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Angel in Disguise: An Interview With Rockstar San Diego's Alan Wasserman
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Angel in Disguise: An Interview With Rockstar San Diego's Alan Wasserman


June 22, 2007 Article Start Previous Page 3 of 6 Next
 



There hasn't been much Rockstar investment in handhelds so far. Is that out of Rockstar's scope at this point? Do you want to just make more big games?

AW: Midnight Club 3 is on PSP. Max Payne is on the GBA. Rockstar Games is not about hardware. It's about delivering an experience in any way that will make sense. Think about Table Tennis. The fact that it was announced on April 1st led people to believe we were joking, but the thing about the game is that the experience is intense. It's an intense, head-to-head game, whether you're playing the AI or another person. It's a great party game.

It's curious to me, since it's almost one of those things where you think, "Do we really need a video game about this?" Table tennis is a thing that is quite easy to play in real life, and quite often, games are about being able to do something you are not really capable of doing. That took a lot of people by surprise.

AW: I think people have various preconceptions of what Rockstar is all about. Whether you're talking about Table Tennis, Midnight Club, Smuggler's Run, Manhunt, or GTA, the common thread in those games is delivering an experience where you walk away saying, "Wow." You're not questioning whether it was money well spent. We've given you an experience, not $40 of entertainment for X number of hours.



It seems that the day of the character-driven game is over, and it's now all about experience-based games where you can go out and affect a world and have that world react to you. I think Rockstar is a big reason for why that shift has happened. What are the elements of that that are important or appealing for Rockstar?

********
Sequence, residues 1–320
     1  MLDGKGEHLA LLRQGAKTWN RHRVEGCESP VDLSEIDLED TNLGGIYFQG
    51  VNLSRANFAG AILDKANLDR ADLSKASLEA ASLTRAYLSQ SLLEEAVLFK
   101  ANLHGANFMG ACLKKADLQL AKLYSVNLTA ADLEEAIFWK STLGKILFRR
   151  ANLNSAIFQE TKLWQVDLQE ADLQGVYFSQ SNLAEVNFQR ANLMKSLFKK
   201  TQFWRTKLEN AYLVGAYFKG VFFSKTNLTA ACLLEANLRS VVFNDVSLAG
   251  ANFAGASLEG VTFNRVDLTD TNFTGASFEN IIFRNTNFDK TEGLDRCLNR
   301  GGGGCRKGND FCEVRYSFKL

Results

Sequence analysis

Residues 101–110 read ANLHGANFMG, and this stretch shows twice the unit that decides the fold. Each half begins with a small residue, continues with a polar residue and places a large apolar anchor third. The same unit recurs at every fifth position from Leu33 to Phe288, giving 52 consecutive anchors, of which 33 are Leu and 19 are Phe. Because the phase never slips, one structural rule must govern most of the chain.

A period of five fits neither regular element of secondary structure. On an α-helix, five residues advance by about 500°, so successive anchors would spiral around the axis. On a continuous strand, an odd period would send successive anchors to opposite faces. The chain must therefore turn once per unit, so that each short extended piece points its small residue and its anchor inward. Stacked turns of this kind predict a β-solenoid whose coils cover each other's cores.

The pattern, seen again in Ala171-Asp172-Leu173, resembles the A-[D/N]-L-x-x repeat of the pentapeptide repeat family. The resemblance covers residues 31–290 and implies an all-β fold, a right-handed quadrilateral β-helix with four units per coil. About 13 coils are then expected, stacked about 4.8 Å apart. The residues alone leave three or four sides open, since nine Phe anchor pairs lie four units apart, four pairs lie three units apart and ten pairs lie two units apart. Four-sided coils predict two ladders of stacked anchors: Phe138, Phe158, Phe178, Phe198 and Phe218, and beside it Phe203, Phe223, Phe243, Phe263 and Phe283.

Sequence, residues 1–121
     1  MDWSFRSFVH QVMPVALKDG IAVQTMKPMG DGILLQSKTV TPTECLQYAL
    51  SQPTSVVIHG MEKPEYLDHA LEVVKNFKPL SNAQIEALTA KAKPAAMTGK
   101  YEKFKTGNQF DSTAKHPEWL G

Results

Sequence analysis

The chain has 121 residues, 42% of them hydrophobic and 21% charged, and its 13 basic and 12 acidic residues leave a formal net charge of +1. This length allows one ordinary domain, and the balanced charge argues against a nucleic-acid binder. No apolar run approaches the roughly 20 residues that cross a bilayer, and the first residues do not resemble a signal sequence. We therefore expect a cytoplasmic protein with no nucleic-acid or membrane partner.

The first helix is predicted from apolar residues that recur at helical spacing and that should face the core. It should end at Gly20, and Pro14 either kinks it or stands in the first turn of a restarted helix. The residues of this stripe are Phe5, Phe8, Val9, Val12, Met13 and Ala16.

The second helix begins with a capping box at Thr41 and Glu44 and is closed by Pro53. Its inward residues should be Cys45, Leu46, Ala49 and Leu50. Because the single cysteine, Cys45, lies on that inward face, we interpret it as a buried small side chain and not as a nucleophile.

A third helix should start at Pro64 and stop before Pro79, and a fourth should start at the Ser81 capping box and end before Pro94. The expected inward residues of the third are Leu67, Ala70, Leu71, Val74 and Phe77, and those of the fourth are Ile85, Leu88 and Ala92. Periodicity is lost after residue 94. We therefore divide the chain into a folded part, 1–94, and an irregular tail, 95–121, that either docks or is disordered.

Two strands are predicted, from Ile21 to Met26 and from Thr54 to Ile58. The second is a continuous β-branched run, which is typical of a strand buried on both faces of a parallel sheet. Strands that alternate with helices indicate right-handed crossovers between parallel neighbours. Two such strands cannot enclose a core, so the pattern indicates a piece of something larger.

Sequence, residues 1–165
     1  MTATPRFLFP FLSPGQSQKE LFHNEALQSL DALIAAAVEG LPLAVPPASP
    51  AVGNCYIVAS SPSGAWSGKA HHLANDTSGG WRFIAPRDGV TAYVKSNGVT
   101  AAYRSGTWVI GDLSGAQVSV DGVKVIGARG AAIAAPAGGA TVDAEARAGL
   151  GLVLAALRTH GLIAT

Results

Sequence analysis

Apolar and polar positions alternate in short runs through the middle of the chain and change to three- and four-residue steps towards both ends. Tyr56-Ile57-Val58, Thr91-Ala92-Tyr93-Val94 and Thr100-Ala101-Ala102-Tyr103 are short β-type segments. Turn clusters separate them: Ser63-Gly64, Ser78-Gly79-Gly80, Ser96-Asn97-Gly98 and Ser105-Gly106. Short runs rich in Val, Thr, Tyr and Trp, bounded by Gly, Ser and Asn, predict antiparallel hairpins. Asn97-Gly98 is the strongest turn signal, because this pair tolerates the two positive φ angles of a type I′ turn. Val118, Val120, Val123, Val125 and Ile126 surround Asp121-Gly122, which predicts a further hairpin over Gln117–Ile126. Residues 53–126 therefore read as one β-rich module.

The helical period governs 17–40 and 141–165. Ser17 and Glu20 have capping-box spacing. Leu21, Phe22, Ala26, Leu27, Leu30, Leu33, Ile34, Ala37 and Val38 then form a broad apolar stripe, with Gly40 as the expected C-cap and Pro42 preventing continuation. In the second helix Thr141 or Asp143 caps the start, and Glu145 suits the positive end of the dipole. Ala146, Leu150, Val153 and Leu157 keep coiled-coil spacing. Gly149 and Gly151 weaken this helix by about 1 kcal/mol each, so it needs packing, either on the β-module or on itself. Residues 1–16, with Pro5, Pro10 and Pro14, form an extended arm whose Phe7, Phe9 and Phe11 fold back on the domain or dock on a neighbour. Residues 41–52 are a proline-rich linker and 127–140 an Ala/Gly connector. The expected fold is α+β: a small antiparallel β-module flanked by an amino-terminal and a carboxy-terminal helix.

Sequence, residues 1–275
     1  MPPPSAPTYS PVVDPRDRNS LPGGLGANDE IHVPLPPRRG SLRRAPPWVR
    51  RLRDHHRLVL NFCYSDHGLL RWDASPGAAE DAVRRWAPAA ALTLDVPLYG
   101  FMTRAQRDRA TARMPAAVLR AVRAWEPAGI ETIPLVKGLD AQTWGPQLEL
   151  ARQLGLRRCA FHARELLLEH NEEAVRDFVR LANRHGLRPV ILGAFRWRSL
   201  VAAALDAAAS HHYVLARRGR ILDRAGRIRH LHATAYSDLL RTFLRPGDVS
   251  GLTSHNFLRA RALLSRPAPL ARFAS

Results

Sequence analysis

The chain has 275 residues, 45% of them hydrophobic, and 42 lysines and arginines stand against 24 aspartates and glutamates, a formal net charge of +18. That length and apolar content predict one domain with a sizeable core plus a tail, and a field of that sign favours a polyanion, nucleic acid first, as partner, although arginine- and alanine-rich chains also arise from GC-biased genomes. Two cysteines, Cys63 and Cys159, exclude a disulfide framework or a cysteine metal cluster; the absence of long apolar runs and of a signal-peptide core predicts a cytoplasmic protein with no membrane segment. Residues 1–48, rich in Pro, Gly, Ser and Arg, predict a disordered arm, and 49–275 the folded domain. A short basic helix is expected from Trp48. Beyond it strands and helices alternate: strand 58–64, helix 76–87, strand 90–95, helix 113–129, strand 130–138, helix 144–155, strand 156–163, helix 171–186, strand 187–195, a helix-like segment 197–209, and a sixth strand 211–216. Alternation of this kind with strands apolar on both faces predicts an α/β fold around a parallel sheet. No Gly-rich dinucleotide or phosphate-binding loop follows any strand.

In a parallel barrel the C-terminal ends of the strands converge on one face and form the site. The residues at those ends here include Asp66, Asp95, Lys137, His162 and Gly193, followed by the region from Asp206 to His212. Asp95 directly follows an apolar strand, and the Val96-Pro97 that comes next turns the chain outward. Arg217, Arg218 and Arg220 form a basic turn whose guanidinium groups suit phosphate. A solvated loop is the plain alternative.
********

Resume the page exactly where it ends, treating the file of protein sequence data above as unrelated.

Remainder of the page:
AW: I'll frame it within Midnight Club. What you get out of a Midnight Club experience is, in theory, just racing. In theory, we could carve out the city in such a way that you think you have choices [but you don't]. Part of what I think makes Midnight Club special is that you could play the game to win, or at any moment you can say, "Hey, I wonder what's over there?" Does that mean you're going to win, or get a faster score or a better time? No. What that means is that you can do what you want.

That, I think, is the heart of any Rockstar game, even something as focused as Table Tennis. What's the point of a game that's defining your experience with, "Hit A, hit B?" We believe [that discovery-based gameplay] is a better experience. We could make prettier pictures if we wanted. We could make it prettier -- though not much, since we're cramming every pixel and poly we can out of the systems -- but it would take away from the experience that we think is important.

Do you find that open-world type stuff is easier on next-gen consoles? Or is it simply a matter of there being that much more space, so you have to fill it up with that much more stuff?

AW: The next-gen hardware is just that; it's next-gen hardware. A next-gen experience is making everything you put into that world more and more cohesive. Whether it's a lamppost falling in a better way or breaking into more pieces because that's the way it would react, or getting pedestrians to scatter correctly, or damage on a car -- these are just layers upon layers of making the world more cohesive and filled.

Every time they give us new hardware, we are going to break it. We will take it to the limits, break it solidly, then back off in the minimal amount that we have to, to make our game fit. On that basis alone, we're never going to be done enhancing the experience. But the next-gen stuff is like, "What new thing can we add to it beyond just adding more of the same?" That's the challenge.


Article Start Previous Page 3 of 6 Next

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